HD53 - Involving Private Organizations in the Provision of Foster Care Services that Promote Permanent Families for Children

Executive Summary:
The 1997 Virginia General Assembly charged the Department of Social Services with "studying the need for and funding of private organizations which employ new innovative strategies for serving children in foster care to ensure the availability of permanent, nurturing families for children in need" (Appropriation Act, Item 386. F., 1997).

Staff from the foster care unit, budget office, and research unit of the Virginia Department of Social Services conducted this study with input of staff in the Division of Licensing, the office of Comprehensive Services, local departments of social services and private foster care agencies. The study focused on how localities, primarily local departments of social services, work with private agencies to provide foster care placements and services and how these working relationships can be improved to promote permanency for children who are placed in foster care.

Foster care placement services in Virginia are funded through Title IV-E funds of the Social Security Act (federal and state) and Comprehensive Services Act finds (state and local) in the State Pool Fund. Both of these finding streams are distributed directly to localities to purchase foster care placement services for individual children. By state statute 16.1-248.2, local departments of social services are given authority to make placement decisions for foster children. Additionally, local departments of social services provide the majority of foster home placements by recruiting and approving families to be foster parents.

When a local department of social services is unable to provide an appropriate foster home for a child, either because one is not available or the child requires more intensive services than would be provided in a regular foster home, the locality may purchase foster family care services from a private Child Placing Agency. In Virginia, private organizations must be licensed as Child Placing Agencies to provide foster care. Private agencies, with more stringent licensing requirements than public agencies, generally provide a more therapeutic, treatment, or specialized service than is provided in most public sector programs, unless the public program is designed to be a treatment program.

The study found:

• The use of private agency placements has grown significantly during the 1990's.

• Private foster family care organizations have been responding to the need for foster care placements by developing child specific placements.

• Public and private agencies desire to collaborate more in the provision of foster care services to children in areas like foster home recruitment, approval and training, and reunification and adoption services.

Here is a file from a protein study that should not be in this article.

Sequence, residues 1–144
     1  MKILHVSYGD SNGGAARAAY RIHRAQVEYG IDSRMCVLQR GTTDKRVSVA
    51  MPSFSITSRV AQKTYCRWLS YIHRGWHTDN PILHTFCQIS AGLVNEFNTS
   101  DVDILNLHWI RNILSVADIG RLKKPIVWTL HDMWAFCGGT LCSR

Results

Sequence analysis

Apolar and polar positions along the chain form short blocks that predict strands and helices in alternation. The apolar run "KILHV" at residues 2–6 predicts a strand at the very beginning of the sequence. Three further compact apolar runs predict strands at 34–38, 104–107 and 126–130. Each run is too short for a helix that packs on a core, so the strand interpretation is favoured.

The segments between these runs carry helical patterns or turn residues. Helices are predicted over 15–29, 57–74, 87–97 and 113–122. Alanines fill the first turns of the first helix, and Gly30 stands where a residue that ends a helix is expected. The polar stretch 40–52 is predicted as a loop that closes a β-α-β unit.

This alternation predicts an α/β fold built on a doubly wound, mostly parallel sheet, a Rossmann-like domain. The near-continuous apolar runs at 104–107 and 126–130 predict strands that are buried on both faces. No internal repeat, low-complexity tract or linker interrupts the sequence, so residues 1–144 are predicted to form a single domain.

• Private foster care agencies need to continue to provide specialized services for children who have needs that the public sector approved homes cannot meet, although there seems to be increased interest by the private sector in providing regular foster family care.


Virginia's foster care program has been evolving during the 1990's into a system which is truly a public-private partnership. The private sector has stepped up to provide treatment foster care to children who require more intensive services than a "regular" foster home can provide. These programs have enabled children with difficult needs to remain in communities and be served in family settings. Based on input from the public and private sector, the following are recommendations of this study:

1. Increased collaboration between public and private agencies at the local level in areas such as foster and adoptive parent recruitment, collaborative models for placement of children with special needs, reunification, additional work with biological parents, and training activities for both public and private providers. The Virginia Department of Social Services should encourage collaborative efforts between public and private agencies in their local plans for utilizing Title IV-E Foster/Adoption Training funds.

2. Local public agencies involved in the Comprehensive Services Act (CSA) need to consider using State Pool Funds to contract with private agencies to provide reunification services for families in order to return foster children home sooner. Additionally, they should consider using CSA funds to locate adoptive homes sooner for children who cannot return home.

3. Public and private foster care agencies need to develop policies to address the need of children who need to be in treatment foster care and cannot return home or to their birth family with regards to permanency. Agencies should allow treatment foster parents to adopt or become permanent foster parents for such children. While we see an increase in the use of private treatment foster homes, we are seeing a decrease in adoptions of children in foster care. In that most (70%) of foster children are adopted by foster parents, this is less likely to occur in private treatment foster homes. Further study and exploration of incentives for adoptions by treatment homes is needed.

4. There needs to be a greater level of trust between private and public agencies - establishing and holding onto the premise that all parties involved are working in the best interest of the child, family, and community. This could be accomplished through more public/private collaborative initiatives such as grants, contracts, training, and meetings.

5. Private agencies should be utilized for stabilization services, parenting skills, crisis intervention, and transition services to move a child from the foster home back to the birth parent including an intensive in-home provider. Increased local contracting with private agencies to provide various levels of service to children which include regular and/or treatment foster care services which support these alternatives is needed.